Texas REP Says It May Have Lost As Much As $2,000 Per Customer During Weather Event; Proposes Forms Of Relief To REPs At PUC
February 22, 2021 Email This Story Copyright 2010-21 EnergyChoiceMatters.com
Reporting by Paul Ring • firstname.lastname@example.org
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Pulse Power, LLC filed the letter republished below with the Texas PUC. Pulse's letter was dated Feb. 20
Of note is that Pulse Power stated while, "Pulse Power started the week of February 8 with more than adequate power purchases to serve the customers through the end of the month," the result of the prolonged scarcity pricing and higher customer usage is that, "we may have lost up to as much as $2,000 per customer during the four day period, even while many of our customers went without power."
Pulse proposed various measures for relief noted in the letter below, including reducing the scarcity prices to $500
Robert C. Cantrell, CEO of Pulse Power, LLC, said in the letter to the PUC, "To be clear, there will still be billions of dollars transferred from the retailer community to the wholesale/generation community. My proposed actions only help to keep this transfer to a level that maintains the integrity of both sides of the Texas deregulated industry. Given that retailers did not cause this event, and in fact attempted to mitigate the impacts to the community, I ask that the PUCT and Governor Abbott move quickly to implement my suggestions. Generators failing to respond to the call caused this event, and they should not benefit as an industry from their failure, to the detriment of Texas retail choice and consumers alike."
Pulse Power's letter is below. Reproduction does not necessarily represent EnergyChoiceMatters.com's agreement, in whole or in part, with any statements made therein
Pulse Power offers the following comments in support of and addition to the recent filings by TEAM and Green Energy Exchange.
As a Texas-based company serving only the Texas market, Pulse Power serves over 100,000 residential and commercial customers through our various brands.
Market Pricing Failed During The Recent Events
Pulse Power started the week of February 8 with more than adequate power purchases to serve the customers through the end of the month. Even as late as February 12, market indicators showed that this was going to be a blip – costs were up slightly, but the severity and implications of the coming storm took everyone (obviously including many generators and even ERCOT itself) by surprise. As temperatures dropped through the weekend, Pulse customers used more than double the energy typically used during normal weather, even exceeding peak load levels from August 2019.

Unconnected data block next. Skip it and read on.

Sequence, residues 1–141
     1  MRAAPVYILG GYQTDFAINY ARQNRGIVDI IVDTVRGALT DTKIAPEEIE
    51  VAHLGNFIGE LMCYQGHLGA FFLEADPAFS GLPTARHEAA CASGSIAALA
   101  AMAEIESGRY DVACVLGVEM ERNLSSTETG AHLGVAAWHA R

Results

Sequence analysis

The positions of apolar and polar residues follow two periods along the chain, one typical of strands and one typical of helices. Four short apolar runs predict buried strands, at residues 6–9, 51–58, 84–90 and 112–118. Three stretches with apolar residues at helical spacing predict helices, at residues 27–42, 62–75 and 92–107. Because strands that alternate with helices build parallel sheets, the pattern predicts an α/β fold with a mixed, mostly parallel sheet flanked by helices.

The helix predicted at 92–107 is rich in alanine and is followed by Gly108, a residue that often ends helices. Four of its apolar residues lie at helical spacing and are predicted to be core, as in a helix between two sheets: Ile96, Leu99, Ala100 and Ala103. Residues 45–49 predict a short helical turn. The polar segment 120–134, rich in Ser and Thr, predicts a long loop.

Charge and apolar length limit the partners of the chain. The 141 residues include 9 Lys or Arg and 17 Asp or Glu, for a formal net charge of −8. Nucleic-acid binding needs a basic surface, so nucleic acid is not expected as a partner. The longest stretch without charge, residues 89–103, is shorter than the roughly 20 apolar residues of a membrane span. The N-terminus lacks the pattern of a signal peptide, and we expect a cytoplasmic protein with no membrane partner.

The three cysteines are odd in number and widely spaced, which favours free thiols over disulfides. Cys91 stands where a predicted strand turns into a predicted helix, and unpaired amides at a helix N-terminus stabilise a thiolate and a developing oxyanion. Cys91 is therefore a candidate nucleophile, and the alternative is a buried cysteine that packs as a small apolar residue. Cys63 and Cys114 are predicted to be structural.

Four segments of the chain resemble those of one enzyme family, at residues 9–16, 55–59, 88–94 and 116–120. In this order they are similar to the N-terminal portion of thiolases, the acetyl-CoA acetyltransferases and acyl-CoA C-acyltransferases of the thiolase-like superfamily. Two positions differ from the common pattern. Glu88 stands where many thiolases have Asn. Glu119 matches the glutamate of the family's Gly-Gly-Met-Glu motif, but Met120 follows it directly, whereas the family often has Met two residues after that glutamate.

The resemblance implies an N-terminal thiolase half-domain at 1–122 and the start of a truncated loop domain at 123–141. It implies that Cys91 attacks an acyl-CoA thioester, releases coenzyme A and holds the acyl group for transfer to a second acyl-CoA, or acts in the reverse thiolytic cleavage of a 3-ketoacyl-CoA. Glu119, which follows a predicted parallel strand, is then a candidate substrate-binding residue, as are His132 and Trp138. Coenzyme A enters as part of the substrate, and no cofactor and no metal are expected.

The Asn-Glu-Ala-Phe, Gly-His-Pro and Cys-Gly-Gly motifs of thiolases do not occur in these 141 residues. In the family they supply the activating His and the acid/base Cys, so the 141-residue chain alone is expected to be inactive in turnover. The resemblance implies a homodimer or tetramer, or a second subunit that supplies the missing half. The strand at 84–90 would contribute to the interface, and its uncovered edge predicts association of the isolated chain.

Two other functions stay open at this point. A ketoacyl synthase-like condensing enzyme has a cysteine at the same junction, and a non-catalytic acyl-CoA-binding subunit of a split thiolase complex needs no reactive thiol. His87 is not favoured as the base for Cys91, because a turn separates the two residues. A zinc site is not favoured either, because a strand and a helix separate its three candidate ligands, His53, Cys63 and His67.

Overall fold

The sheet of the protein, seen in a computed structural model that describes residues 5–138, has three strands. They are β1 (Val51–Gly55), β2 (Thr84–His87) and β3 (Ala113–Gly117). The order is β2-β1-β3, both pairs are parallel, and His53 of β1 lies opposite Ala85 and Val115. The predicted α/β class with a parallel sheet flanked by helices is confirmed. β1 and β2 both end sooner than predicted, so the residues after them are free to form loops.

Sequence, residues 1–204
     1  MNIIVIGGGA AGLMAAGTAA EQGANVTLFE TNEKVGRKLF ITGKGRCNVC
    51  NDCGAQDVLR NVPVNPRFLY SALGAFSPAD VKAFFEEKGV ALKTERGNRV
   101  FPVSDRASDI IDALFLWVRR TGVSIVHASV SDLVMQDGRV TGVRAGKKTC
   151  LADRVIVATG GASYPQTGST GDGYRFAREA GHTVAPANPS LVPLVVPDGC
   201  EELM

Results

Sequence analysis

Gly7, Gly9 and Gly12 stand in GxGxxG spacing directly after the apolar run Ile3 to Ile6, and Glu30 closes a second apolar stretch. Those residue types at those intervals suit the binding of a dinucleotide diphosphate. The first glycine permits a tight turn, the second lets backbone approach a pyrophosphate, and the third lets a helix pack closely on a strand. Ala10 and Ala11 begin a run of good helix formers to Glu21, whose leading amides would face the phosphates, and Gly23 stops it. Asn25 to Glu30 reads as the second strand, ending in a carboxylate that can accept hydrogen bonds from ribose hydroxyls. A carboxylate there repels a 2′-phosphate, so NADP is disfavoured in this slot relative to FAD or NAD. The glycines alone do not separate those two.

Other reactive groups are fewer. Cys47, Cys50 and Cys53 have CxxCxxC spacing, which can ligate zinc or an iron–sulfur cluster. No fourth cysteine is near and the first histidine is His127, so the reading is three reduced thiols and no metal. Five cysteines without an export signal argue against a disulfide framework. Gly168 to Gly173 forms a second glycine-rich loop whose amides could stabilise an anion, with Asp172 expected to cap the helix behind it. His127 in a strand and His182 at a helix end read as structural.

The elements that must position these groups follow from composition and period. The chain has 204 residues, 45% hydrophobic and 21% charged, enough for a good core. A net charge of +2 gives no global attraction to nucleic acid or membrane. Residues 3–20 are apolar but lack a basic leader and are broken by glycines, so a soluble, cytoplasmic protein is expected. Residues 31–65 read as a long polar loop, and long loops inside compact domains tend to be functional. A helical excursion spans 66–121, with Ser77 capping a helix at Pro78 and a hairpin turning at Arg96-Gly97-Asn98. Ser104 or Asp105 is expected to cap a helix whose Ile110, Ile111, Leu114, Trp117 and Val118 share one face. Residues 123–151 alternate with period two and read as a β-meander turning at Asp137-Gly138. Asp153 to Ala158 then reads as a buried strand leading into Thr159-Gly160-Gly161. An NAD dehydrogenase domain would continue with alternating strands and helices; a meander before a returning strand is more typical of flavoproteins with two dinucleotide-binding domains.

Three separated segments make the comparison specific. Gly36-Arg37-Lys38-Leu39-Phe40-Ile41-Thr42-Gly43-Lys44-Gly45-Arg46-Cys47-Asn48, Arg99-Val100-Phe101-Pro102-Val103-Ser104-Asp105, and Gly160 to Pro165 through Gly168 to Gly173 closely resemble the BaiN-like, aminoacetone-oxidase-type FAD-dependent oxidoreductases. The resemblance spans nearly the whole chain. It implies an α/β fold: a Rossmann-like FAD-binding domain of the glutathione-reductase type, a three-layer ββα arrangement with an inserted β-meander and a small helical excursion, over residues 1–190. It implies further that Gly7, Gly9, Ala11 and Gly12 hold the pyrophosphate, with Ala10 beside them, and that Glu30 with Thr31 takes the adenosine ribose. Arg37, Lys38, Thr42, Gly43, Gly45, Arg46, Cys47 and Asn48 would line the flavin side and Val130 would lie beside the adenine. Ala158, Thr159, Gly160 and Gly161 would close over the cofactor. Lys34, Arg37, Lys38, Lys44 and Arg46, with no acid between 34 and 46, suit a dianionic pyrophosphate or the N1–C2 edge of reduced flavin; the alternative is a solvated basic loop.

When generators failed to respond to the growing demand, ERCOT was forced to institute rolling blackouts to protect the integrity of the grid. At this point, the price was pegged at $9,000 and remained there for four days. This scarcity pricing is intended to provide “incentives” to generators to bring supply back online. In isolated and short-term instances, this real-time market pricing works well, it encourages large users to curtail and brings on more potential generation to the rescue.
However, in this case, the scarcity pricing only acted as a punitive measure for retailers who were almost certainly short in the market, as customers were using double their forecasted usage or more. Mr. Woodson in his previous filing uses an example of prices 11,000 TIMES the normal prices. Obviously, in any other industry, this would be considered price gouging during an emergency.
Retailers were in no way at fault for this debacle. In fact, my company and many others asked customers to conserve in preparation for the event. Pulse Power even offered customers who curtailed the opportunity to win prizes if they reduced their usage 10% during Monday through Wednesday. We are giving away a Tesla Model 3. We tried to be part of the solution. However, the impact to the retailer industry will be staggering. While smart meter data is still being analyzed, we may have lost up to as much as $2,000 per customer during the four day period, even while many of our customers went without power.